If it wasn’t for the knowledge and skill of Bertie’s sonographer, the now-16-month-old might not have survived his birth.
Bertie, who lives in Wandsworth with his mum Clare and dad James, was born with congenital heart disease which, if not noticed, could have caused him to become oxygen deprived and very ill shortly after being born.
Now Clare and James are campaigning and raising money for Tiny Tickers, a charity which aims to improve the early detection and care of babies with serious heart conditions.
They hope that, in raising as much money as they can for the charity, better training can be delivered to sonographers across the country so that potentially fatal heart defects are detected every single time.
Clare Coe, 33, became pregnant with Bertie in summer 2019, and at the 20 week scan they received the unexpected news that the sonographer could not identify their baby’s heart fully.
Clare and her husband James, 32, returned the next day for a follow-up scan with a heart specialist, where they were informed that little Bertie had Transposition of the Great Arteries (TGA) – the two main blood vessels leaving the heart were swapped over – and a large ventricular septal defect (VSD) – a hole in his heart.
Bertie was born at full term 20 weeks later, on March 11, 2020 at the Chelsea and Westminster Hospital. Straight after he was born Bertie was taken to the NICU for a short-term fix procedure for the TGA.
This procedure was a balloon atrial septostomy, which allows blood from both sides of the heart to mix together.
Worryingly, this was unsuccessful in the first instance, and Bertie was transferred to the Royal Brompton Hospital where the procedure was successfully carried out that evening.
On April 9, 2020 he had his TGA and VSD operation at the Evelina London Children’s Hospital – which meant a gruelling 10 hour wait for his terrified parents.
Clare said: “Early in the morning we took Bertie down to the operating theatre and gave him a final kiss before surgery and headed home.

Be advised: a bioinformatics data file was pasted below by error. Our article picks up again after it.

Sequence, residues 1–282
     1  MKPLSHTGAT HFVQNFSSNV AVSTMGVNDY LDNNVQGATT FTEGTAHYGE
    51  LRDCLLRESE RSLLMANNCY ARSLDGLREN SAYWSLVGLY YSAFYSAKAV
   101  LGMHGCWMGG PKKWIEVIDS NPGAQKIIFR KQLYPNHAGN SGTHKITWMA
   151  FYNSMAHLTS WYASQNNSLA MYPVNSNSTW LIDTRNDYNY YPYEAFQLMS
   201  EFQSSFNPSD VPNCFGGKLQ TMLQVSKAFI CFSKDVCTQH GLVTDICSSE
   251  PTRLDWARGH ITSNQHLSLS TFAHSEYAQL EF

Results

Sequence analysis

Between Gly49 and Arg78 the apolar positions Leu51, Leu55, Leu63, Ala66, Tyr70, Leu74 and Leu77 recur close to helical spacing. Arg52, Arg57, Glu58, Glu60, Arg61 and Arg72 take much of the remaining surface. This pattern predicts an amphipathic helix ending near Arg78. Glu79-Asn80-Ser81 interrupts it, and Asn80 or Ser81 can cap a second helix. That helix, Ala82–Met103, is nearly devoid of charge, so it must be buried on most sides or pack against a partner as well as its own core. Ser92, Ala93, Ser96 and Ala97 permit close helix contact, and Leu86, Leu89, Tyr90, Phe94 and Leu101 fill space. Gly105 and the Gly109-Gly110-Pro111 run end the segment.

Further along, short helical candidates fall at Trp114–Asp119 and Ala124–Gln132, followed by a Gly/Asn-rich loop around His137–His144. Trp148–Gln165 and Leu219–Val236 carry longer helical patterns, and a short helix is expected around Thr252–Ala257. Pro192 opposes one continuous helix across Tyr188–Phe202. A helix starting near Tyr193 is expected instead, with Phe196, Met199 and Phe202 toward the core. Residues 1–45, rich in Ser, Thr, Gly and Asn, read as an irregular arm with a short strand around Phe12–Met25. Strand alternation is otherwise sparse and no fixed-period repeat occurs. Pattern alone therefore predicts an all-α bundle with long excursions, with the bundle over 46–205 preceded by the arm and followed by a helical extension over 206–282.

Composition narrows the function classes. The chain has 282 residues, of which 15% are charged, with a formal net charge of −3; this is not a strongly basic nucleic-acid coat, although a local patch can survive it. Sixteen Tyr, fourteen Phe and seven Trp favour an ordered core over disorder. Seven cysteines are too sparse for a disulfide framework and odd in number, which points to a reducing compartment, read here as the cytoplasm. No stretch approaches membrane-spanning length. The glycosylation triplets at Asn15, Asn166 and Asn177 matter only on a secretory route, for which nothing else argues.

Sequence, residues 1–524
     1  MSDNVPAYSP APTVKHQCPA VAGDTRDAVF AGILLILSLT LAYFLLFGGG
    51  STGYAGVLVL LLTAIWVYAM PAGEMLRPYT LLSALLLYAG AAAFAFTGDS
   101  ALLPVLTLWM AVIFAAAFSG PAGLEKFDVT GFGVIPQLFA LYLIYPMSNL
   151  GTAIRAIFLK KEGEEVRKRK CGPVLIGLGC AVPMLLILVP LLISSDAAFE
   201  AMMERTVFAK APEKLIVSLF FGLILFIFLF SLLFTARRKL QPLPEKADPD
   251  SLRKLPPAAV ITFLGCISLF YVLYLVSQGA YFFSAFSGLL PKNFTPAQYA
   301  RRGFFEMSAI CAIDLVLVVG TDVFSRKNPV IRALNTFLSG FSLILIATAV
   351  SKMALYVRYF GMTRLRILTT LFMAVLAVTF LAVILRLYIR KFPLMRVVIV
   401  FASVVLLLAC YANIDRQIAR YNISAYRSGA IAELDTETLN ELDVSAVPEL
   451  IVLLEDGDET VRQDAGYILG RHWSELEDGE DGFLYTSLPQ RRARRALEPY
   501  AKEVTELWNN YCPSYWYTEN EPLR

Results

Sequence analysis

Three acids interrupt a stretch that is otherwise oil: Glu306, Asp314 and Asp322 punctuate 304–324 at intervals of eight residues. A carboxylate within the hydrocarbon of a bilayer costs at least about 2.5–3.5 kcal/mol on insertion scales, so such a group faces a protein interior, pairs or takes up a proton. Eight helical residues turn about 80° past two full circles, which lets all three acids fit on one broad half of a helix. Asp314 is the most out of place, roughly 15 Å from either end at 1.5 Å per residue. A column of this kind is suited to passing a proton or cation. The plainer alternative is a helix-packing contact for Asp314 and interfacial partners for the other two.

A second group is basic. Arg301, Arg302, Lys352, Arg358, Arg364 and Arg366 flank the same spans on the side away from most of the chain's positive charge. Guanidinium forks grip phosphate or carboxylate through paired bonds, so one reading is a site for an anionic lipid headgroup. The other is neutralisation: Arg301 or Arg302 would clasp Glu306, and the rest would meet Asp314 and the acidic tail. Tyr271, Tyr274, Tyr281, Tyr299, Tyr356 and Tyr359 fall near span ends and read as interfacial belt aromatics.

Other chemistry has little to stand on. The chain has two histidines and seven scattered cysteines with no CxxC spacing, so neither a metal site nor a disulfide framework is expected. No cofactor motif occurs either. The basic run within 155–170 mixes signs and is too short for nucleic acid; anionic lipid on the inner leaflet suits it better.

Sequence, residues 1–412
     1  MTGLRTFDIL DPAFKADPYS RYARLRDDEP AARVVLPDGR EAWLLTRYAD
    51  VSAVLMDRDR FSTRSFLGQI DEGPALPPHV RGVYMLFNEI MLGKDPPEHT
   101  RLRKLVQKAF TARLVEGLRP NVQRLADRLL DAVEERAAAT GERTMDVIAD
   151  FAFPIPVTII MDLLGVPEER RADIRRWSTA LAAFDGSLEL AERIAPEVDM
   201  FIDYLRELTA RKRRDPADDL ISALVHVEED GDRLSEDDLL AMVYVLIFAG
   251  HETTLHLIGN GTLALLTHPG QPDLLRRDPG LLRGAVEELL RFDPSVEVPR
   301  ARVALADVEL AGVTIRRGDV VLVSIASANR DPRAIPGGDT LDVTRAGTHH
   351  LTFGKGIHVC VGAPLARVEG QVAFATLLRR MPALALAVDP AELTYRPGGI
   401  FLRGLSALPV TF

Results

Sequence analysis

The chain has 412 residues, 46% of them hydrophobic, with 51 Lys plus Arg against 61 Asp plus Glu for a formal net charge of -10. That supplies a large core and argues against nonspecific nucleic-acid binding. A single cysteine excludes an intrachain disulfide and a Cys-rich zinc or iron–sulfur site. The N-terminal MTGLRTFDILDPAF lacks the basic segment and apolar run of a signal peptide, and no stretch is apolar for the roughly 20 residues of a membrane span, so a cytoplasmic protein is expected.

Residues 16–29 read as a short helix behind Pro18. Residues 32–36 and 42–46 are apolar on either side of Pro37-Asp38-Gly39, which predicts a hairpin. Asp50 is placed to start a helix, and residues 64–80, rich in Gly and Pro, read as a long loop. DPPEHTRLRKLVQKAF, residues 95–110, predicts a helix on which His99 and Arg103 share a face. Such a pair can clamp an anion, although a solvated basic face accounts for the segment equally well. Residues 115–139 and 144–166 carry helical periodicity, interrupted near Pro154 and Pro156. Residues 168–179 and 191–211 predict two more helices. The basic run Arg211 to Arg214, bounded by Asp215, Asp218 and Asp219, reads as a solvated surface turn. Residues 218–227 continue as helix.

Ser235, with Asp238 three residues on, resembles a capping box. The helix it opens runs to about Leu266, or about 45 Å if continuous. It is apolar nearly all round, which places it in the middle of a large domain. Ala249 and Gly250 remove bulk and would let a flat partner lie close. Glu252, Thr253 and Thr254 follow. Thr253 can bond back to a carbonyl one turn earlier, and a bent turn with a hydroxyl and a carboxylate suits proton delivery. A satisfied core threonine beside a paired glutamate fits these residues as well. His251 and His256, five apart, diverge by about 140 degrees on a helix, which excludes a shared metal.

“Words cannot describe how we felt at that point, we broke down as they carried Bertie away and I just went numb.
“After ten long hours of waiting, we had a call for us to return to the hospital and were told Bertie’s operation had gone well and we were able to see him in the PICU.
“After some initial heart rhythm abnormalities, Bertie stabilised and moved from PICU to the ward after six days, and after just two nights on the ward, we were discharged home.
“The period in hospital was full on and stressful, heightened by Covid-19 anxieties and precautions, however the staff in all departments were fantastic which is something we will be forever grateful for.
“Heading home was a surreal but an incredibly pleasing moment, something we had longed for but also something which often felt a long way off.”
Clare said that they feel “incredibly lucky” that Bertie’s serious heart defects were picked up in time so that they could have all the necessary precautions in place before he was born.
They had a planned caesarean section with the heart team at the Royal Brompton, who came to the Chelsea and Westminster so that they could intervene immediately.
However, not all babies are so lucky, which is why Clare and James are so dedicated to raising the funds to improve training for sonographers.